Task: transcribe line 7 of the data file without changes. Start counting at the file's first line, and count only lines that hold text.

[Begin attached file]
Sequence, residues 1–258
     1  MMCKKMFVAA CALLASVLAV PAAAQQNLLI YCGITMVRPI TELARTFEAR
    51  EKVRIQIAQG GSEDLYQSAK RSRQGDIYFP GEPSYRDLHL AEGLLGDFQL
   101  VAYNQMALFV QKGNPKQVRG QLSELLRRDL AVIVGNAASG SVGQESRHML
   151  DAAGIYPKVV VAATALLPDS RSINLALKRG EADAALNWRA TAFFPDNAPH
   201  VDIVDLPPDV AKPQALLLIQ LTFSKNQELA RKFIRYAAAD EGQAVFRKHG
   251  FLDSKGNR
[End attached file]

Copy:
   251  FLDSKGNR